The concept is simple and the game has similarities to other balancing games in that you take a piece and add it to the stack, however the lightness of the ladders and the strictures on how many other ladders it may touch makes the balancing more tricky than in other games of this nature, the delicate balance reminded me of an old game I had as kid called Vertigo where even the weight of a small piece of paper would change the structures appearance and its integrity, however the ladder pieces themselves are quite robust, another nice aspect is that despite the appearance of them easily interlocking it is often awkward finding the ideal spot to balance the ladder, the game can be made easier by placing the starting ladders closer together thus making for a firmer base for the central structure. Overall I like the game, it may not be as silly as Rhino Hero or as structured as Junk Art but it has its own beauty and plays simply and quickly and I have certainly had pleasure from playing it.

A Linnet at Oare Marshes

A Linnet at Oare Marshes

Stroop

The quiz picture this time is of an old fun favourite game from my younger days

The last quiz picture was correctly guessed as A Fake Artist Goes to New York one of many simple but elegant games from Oink.

I missed last week so a bit of a catch up here

Last week the games played at the club were :-

The course in Flamme Rouge

The course in Flamme Rouge

The crackin' figures that you get in Blood Rage

The crackin' figures that you get in Blood Rage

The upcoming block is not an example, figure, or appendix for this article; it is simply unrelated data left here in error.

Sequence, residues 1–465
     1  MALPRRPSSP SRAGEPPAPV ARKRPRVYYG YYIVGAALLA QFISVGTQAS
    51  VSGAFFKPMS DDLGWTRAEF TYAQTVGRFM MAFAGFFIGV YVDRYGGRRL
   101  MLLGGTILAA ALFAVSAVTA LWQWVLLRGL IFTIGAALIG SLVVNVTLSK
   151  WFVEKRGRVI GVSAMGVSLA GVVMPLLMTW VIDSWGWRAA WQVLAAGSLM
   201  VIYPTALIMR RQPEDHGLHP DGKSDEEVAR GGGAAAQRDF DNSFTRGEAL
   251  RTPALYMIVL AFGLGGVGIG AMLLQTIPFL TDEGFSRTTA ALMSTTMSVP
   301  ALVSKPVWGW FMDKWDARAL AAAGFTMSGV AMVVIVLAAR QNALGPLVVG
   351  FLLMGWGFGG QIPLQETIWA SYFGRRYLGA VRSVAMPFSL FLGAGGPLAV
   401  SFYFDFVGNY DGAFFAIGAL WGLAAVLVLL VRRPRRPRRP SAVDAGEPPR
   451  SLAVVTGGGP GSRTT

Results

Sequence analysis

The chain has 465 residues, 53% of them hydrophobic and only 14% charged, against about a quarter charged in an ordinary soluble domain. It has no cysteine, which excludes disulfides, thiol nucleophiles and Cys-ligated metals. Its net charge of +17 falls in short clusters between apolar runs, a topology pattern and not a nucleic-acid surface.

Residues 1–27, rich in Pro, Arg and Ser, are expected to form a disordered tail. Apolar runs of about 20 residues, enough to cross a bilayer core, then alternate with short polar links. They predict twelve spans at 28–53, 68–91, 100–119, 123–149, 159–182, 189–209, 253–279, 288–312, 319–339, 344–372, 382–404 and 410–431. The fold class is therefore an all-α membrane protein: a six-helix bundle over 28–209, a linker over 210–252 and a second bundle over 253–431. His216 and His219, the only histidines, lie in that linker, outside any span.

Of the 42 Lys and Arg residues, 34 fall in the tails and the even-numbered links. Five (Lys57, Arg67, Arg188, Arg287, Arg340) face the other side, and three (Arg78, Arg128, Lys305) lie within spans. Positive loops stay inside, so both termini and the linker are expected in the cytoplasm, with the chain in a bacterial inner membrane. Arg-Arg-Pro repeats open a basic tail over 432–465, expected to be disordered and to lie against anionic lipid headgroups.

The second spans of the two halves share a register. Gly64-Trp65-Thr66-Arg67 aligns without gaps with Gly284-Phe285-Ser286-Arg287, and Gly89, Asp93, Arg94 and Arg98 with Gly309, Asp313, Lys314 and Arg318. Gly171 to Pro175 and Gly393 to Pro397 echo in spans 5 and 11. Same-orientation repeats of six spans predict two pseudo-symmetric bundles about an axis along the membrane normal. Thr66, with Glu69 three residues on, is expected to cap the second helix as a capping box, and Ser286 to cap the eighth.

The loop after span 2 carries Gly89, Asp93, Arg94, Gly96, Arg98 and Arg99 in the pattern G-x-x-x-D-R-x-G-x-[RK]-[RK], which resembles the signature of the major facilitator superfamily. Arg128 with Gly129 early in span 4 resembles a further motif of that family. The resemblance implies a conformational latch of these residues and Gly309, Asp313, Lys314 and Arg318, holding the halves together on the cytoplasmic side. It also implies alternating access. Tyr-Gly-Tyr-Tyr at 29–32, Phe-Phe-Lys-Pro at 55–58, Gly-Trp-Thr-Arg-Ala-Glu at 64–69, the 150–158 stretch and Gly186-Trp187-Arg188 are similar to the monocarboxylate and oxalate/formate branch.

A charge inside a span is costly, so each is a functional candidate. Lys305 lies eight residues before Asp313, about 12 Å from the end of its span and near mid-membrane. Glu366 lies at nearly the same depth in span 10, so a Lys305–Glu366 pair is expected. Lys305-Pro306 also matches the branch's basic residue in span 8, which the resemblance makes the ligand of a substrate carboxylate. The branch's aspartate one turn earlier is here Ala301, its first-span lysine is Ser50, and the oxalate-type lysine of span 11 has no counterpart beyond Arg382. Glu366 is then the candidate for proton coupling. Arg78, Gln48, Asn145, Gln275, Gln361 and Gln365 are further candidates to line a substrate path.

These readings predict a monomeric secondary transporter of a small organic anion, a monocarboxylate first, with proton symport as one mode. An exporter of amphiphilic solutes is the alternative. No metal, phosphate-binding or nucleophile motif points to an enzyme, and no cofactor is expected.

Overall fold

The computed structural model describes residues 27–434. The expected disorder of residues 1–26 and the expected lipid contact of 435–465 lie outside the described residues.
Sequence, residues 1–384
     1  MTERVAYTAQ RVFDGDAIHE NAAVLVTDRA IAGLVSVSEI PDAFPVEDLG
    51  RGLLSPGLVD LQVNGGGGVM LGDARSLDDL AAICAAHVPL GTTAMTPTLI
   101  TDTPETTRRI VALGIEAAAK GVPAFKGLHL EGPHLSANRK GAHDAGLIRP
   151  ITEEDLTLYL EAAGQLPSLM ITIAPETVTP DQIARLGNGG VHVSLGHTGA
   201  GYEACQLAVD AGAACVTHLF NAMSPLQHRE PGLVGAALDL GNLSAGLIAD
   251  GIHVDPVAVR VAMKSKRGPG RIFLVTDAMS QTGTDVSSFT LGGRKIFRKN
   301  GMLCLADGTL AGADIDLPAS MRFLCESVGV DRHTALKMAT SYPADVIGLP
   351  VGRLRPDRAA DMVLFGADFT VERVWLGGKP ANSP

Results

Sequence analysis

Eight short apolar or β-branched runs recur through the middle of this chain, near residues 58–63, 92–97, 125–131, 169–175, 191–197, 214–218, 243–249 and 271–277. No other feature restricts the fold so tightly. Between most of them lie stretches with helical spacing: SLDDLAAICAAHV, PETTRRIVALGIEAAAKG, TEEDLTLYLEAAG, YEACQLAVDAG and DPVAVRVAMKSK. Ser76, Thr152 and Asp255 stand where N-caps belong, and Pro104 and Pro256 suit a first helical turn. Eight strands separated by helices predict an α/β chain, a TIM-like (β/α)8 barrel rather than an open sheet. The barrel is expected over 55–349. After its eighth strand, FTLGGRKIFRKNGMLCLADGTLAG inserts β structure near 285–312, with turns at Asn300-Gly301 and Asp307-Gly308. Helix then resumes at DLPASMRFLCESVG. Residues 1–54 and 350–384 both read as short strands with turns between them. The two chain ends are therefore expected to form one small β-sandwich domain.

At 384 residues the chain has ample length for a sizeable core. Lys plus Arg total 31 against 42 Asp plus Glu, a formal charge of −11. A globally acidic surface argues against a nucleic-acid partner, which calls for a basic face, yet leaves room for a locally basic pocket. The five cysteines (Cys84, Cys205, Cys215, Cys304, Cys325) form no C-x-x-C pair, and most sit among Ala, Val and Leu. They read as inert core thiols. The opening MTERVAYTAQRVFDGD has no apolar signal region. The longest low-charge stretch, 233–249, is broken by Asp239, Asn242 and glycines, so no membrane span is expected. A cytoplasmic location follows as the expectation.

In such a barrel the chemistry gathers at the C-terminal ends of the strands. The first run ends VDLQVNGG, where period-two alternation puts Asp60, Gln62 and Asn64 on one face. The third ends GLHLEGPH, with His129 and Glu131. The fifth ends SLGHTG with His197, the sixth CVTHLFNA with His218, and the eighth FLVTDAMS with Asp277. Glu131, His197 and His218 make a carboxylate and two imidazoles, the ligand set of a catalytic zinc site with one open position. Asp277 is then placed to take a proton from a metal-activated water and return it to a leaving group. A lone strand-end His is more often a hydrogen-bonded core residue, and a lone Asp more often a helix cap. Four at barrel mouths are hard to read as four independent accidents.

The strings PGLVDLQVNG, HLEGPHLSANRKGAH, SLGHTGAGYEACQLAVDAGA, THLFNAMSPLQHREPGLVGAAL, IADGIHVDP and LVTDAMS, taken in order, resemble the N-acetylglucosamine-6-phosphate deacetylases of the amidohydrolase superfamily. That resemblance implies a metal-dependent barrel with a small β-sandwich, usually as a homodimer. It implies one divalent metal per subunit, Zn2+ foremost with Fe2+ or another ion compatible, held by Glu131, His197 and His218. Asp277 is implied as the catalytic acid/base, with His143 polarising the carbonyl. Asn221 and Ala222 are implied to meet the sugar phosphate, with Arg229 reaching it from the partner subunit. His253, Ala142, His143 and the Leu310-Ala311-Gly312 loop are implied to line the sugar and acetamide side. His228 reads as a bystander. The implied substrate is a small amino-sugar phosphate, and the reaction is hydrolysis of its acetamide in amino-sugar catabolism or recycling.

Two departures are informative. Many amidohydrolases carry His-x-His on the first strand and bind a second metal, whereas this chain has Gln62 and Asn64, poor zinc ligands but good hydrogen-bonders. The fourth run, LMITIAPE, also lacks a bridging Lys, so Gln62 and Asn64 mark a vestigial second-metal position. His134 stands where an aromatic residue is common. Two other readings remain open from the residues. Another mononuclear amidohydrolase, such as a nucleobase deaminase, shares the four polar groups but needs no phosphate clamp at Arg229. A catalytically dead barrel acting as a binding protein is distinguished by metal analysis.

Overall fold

Tzolkin - which I lost by 1 point !!!

Tzolkin - which I lost by 1 point !!!

Tonga Bonga

Tonga Bonga

Table 2 – Tzolk'in: The Mayan Calendar, Tonga Bonga

Table 3 – Spyrium, Art of War

Two weeks ago we played :-

Rheinlander

Rheinlander

Duel of Ages II 

Duel of Ages II 

Table 2 – Duel of Ages II

Tiny Epic Galaxies with Pilot expansion

Tiny Epic Galaxies with Pilot expansion

I would have liked to have done the spotlight on Duel of Ages IIas it is an excellent game, how I missed it when it first came out baffles me but hey-ho some good games are missed by us all, however despite my enjoyment of that game a couple of weeks ago I have been persuaded to do Stroop instead a game that I am not entirely comfortable playing. I am not sure what category Stroop falls into (puzzle game, speed game, party game), but it is certainly engaging and quick. The box contains a large deck of cards which are split into 2 games, the basic game uses the majority of the cards whilst the advanced game has some additional cards added to it and is played exactly the same way but is more difficult.